This week, experts are sending warnings to those considering seeing people outside their household without quarantining first. One aerosol expert weighs in on just how dangerous the holiday could be.
"My simplest advice is it is not a good idea to meet with people outside of your household for a holiday meal. That’s the most important message that can be underscored, and the reason for that is there are multiple ways this virus can be transferred,” said Alex Huffman, an aerosol expert and associate professor at the University of Denver. “The closer you are increases the chances of that, but aerosols can come out of your mouth and mix into the room. The longer you're in that room, the more chance you have of getting sick.”
Huffman says time, ventilation and proximity have a big impact on whether coronavirus droplets can spread and infect others.
"When you breathe and talk, the louder you talk, droplets and aerosols come out of your mouth. So, traditionally, droplets are on the bigger side, aerosols are on the smaller side," said Huffman.
With no mask on, these droplets can land on the faces of people around you or on their plates.
"And so, the biggest danger with the Thanksgiving meal or holiday meal or any meal specifically, restaurants included, are that you have to take off your mask to eat and that is why eating together indoors is so dangerous," said Huffman.
Huffman demonstrated how fast droplets can spread in the air by showing how quickly food coloring can spread in water. He also analyzed the risks of eating a Thanksgiving meal in person, taking commonly-used models and applying varying factors that come into play when eating with people outside of your household.
"And then, I used the same model to say, ‘What happens if we meet for holiday meals?’ Let's say we have 10 people. We all eat for two hours. We all don't have masks on, and then, we ran different scenarios. If it was a small room, a large room, a medium-sized room and then estimate the amount of risk that would be from aerosol," said Huffman.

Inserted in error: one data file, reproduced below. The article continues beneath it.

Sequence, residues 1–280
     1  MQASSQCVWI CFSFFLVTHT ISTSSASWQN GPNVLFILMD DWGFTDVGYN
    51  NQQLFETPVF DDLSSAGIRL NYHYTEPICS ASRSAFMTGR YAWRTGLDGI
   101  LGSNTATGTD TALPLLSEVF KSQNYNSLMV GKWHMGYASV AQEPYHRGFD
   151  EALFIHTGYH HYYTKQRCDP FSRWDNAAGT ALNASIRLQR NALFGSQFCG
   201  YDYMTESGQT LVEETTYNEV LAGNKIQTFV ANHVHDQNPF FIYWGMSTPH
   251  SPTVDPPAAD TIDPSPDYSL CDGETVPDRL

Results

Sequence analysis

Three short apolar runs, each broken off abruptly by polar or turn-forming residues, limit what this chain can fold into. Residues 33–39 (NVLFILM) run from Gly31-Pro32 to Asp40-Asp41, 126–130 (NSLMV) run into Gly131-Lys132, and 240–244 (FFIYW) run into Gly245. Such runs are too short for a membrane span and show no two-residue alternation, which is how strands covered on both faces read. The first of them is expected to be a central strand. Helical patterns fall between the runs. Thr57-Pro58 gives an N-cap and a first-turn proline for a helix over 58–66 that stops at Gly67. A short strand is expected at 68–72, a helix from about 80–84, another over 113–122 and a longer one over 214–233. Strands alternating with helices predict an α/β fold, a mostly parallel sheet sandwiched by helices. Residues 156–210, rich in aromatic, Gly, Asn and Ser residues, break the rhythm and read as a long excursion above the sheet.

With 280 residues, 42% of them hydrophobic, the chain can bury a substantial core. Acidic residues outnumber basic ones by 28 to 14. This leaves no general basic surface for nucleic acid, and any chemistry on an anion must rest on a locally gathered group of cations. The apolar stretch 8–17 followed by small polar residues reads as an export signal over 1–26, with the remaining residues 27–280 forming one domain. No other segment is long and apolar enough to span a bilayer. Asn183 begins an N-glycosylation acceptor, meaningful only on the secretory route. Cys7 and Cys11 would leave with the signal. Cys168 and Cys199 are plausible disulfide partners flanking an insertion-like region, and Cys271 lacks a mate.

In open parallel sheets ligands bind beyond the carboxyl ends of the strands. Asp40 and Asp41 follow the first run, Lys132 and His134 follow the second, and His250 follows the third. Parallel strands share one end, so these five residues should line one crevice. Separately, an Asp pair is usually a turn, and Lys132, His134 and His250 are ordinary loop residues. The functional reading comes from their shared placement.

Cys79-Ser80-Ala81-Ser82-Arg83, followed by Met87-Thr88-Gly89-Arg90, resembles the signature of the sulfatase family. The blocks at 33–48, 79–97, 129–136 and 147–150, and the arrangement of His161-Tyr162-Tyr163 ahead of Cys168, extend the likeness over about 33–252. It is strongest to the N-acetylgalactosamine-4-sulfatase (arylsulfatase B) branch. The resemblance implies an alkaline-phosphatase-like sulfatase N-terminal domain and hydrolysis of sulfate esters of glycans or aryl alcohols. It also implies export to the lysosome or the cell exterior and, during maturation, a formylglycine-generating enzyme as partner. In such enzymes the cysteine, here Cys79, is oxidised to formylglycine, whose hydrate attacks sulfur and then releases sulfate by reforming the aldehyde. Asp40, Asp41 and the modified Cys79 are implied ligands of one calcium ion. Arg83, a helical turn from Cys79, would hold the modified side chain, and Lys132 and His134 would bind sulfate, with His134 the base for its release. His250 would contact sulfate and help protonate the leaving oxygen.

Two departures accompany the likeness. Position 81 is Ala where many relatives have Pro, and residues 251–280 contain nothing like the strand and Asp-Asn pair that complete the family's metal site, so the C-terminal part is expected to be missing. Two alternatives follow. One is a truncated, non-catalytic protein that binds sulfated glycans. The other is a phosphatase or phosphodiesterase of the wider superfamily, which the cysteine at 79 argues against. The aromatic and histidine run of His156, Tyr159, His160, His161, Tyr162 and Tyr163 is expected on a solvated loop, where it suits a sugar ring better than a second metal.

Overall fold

Matching with community transmission rates, Huffman estimated that the probability of each person at the table having COVID-19 was about 5 percent.
"If it's a small room, everybody has something like a 15 percent chance of getting infected, even if we had no idea if anybody was infected or not. If it's a big room, it's a little bit less than that," explained Huffman.
Ventilation also comes into play, which is why experts are advising that if you really are planning to meet with family this holiday, do it outside. Opening windows and doors also helps. Huffman also has some tools people can use, such as a carbon dioxide monitor or you can create your own box fan air filter.
"On the back, this is a furnace filter that’s also 20 inches and so you tape them together so they're well-sealed. You turn it on high and you blow the air through this filter and that removes the particles in the room that could potentially contain virus in it," said Huffman.
Still, Huffman and other medical experts agree this won't completely eliminate the risk of spreading COVID-19. The safest thing to do is stay home and avoid celebrating Thanksgiving with people who are not part of your household.